Freedom of Religion Defined in Landmark New Website from the Church of Scientology
The Church of Scientology has launched a comprehensive repository of information on religious freedom for students of religion, public officials and anyone seeking to further their understanding of this cherished right.
A new website has been established to provide a comprehensive resource for the bona fides of Scientology by religious scholars, recognitions of Scientology in countries around the world and the Church’s commitment to freedom of religion for every human being—accessible to all at scientologyreligion.org.
The website provides an in-depth understanding of Scientology and landmark decisions in countries the world over that define religion and thus protect the very principles of religious freedom for all. For those who value freedom of religion as an essential human right, this site serves as a comprehensive research resource.
As scientologyreligion.org begins, “Millions of people around the world sincerely believe in the religious tenets and practices of Scientology. For every one of these individuals, Scientology is their religion and fulfills their deepest spiritual needs—the most important test of any true religion of the world, used by the United States Supreme Court and High Courts in many other countries as the standard and test of a religion.
“Nevertheless—if one relies on secondary sources—courts, scholars and governmental agencies around the world have repeatedly determined that Scientology is bona fide in all respects. This website provides an overview of these international recognitions and expertises.”
Among the features of the website:
A new publication titled What is Freedom of Religion? Religious freedom and tolerance have always been an important principle at the heart of Scientology. Despite religious freedom issues appearing prominently in global headlines, many do not understand what these rights encompass or what the term really means. Religious freedom is not a privilege provided by a government, but an individual’s birth right.
What is Freedom of Religion? takes up the Universal Declaration of Human Rights and the International Bill of Rights and addresses key issues that have come under assault in this new millennium, such as freedom to manifest religion or belief; the right to formation, registration or recognition of legal religious entities; and rising social hostility against religion in the media.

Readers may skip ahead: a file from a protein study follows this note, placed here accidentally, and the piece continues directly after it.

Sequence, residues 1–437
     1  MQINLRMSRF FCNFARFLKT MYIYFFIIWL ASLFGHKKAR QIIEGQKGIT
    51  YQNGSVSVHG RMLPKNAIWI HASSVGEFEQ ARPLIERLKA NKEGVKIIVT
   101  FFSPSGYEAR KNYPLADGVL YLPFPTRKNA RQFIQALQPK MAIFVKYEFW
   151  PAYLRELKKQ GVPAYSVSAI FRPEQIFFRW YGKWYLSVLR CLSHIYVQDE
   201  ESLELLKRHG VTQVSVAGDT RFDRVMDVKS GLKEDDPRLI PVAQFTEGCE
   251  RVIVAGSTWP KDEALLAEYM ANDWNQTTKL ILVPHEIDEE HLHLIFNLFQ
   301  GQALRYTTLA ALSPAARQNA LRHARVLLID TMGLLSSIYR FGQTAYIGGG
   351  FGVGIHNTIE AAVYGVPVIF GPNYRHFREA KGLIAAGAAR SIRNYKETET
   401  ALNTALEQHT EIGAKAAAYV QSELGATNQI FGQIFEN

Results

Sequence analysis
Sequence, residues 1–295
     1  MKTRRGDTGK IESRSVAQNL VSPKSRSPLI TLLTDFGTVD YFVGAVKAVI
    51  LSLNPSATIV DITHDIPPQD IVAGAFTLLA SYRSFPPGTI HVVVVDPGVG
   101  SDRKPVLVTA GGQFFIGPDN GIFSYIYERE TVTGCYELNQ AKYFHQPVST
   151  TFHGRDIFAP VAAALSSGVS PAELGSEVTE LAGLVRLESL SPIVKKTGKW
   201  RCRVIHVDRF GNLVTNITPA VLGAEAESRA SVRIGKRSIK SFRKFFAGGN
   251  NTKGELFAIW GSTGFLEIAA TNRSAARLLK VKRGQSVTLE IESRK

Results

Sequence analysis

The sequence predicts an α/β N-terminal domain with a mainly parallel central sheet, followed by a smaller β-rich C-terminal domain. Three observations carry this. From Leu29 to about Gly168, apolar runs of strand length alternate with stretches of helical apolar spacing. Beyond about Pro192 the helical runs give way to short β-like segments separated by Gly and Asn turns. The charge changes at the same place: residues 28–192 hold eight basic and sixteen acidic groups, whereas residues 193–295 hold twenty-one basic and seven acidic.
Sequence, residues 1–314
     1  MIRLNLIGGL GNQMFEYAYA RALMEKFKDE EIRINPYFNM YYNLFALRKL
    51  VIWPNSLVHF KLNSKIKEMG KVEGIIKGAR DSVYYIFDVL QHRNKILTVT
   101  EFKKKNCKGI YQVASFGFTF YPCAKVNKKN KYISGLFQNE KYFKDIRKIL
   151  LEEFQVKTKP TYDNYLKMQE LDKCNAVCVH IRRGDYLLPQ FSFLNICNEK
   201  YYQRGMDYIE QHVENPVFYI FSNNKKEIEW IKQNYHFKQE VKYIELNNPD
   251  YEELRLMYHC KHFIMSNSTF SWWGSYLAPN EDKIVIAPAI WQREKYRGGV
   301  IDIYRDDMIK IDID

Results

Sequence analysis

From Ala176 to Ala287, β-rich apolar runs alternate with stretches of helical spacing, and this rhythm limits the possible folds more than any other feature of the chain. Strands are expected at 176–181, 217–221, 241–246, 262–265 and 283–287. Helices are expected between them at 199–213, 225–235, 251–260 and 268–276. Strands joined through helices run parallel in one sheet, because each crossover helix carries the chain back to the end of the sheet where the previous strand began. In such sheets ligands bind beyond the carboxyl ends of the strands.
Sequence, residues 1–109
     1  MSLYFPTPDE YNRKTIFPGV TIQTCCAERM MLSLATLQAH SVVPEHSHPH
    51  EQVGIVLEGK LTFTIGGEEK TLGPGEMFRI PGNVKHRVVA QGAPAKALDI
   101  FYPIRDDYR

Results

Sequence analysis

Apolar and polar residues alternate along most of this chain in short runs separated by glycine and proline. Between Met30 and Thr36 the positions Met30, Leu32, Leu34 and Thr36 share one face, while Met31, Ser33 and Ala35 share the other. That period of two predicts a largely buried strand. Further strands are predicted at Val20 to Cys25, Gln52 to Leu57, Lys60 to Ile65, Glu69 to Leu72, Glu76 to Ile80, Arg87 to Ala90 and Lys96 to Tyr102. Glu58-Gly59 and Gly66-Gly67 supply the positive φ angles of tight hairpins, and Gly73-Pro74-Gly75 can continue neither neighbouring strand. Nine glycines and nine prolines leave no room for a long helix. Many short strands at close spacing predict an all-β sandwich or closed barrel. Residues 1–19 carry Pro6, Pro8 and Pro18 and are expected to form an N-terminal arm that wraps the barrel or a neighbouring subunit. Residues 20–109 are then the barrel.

It proposes an incisive and highly relevant Charter on Journalistic Ethics in Relation to Respect for Religion or Belief.
Landmark legal decisions that stand as victories not only for the Scientology religion but for religious freedom everywhere. While these cases vindicate the rights of Scientologists to practice their religion, they also serve as benchmarks, setting aside archaic and restrictive definitions of religion and guaranteeing the rights of all faiths to practice freely. The website includes full details of these decisions as well as the Church’s religious recognitions in dozens of countries around the world.
Copies of expert studies by the world’s foremost scholars of comparative religion, history of religion, religious studies, and sociology, incontrovertibly validating Scientology as a world religion. These expertises provide a thorough understanding of how Scientology compares with other religions. They give an academic overview of the religion and the rich traditions from which Scientology springs.
The Creed and Codes, Axioms and Aims of the Church of Scientology. Written by Scientology Founder L. Ron Hubbard in the 1950s during the formative years of the religion, they set the guidelines for the practice and expansion of Scientology and still serve those ends today.
The public benefit of the humanitarian initiatives and social betterment programs the Church of Scientology and its parishioners carry out and support. These bring effective solutions to bear on the global devastation and human misery wrought by drug abuse, human rights violations, illiteracy and moral decay. This section also covers the Scientology Volunteer Ministers, created in the mid 1970s by L. Ron Hubbard and sponsored by the Church of Scientology International as a religious social service.
Videos of distinguished scholars, rabbis, ministers of diverse faiths, officials, and social betterment professionals speaking about the bona fides of the religion and the public benefit delivered through Scientology humanitarian and social betterment activities.
International human rights standards regarding freedom of religion detailed in international human rights treaties including the Universal Declaration of Human Rights, International Covenant on Civil and Political Rights, European Convention for the Protection of Human Rights and Fundamental Freedoms, UN Declaration on the Elimination of All Forms of Intolerance and of Discrimination Based on Religion or Belief, and numerous guidelines set by the Organization for Security and Co-operation in Europe. All pertinent articles are quoted and the full text of the documents are linked to for ease of reference.
The Church of Scientology has championed religious freedom and human rights since its inception, all toward accomplishing the Aims of Scientology as put forth by L. Ron Hubbard in 1965:
“A civilization without insanity, without criminals and without war, where the able can prosper and honest beings can have rights, and where Man is free to rise to greater heights.”
The Scientology religion was founded by author and philosopher L. Ron Hubbard. The first Church of Scientology was formed in Los Angeles in 1954 and the religion has expanded to more than 11,000 Churches, Missions and affiliated groups, with millions of members in 167 countries.
Church of Scientology Media Relations
(323) 960-3500 phone
(323) 960-3508 fax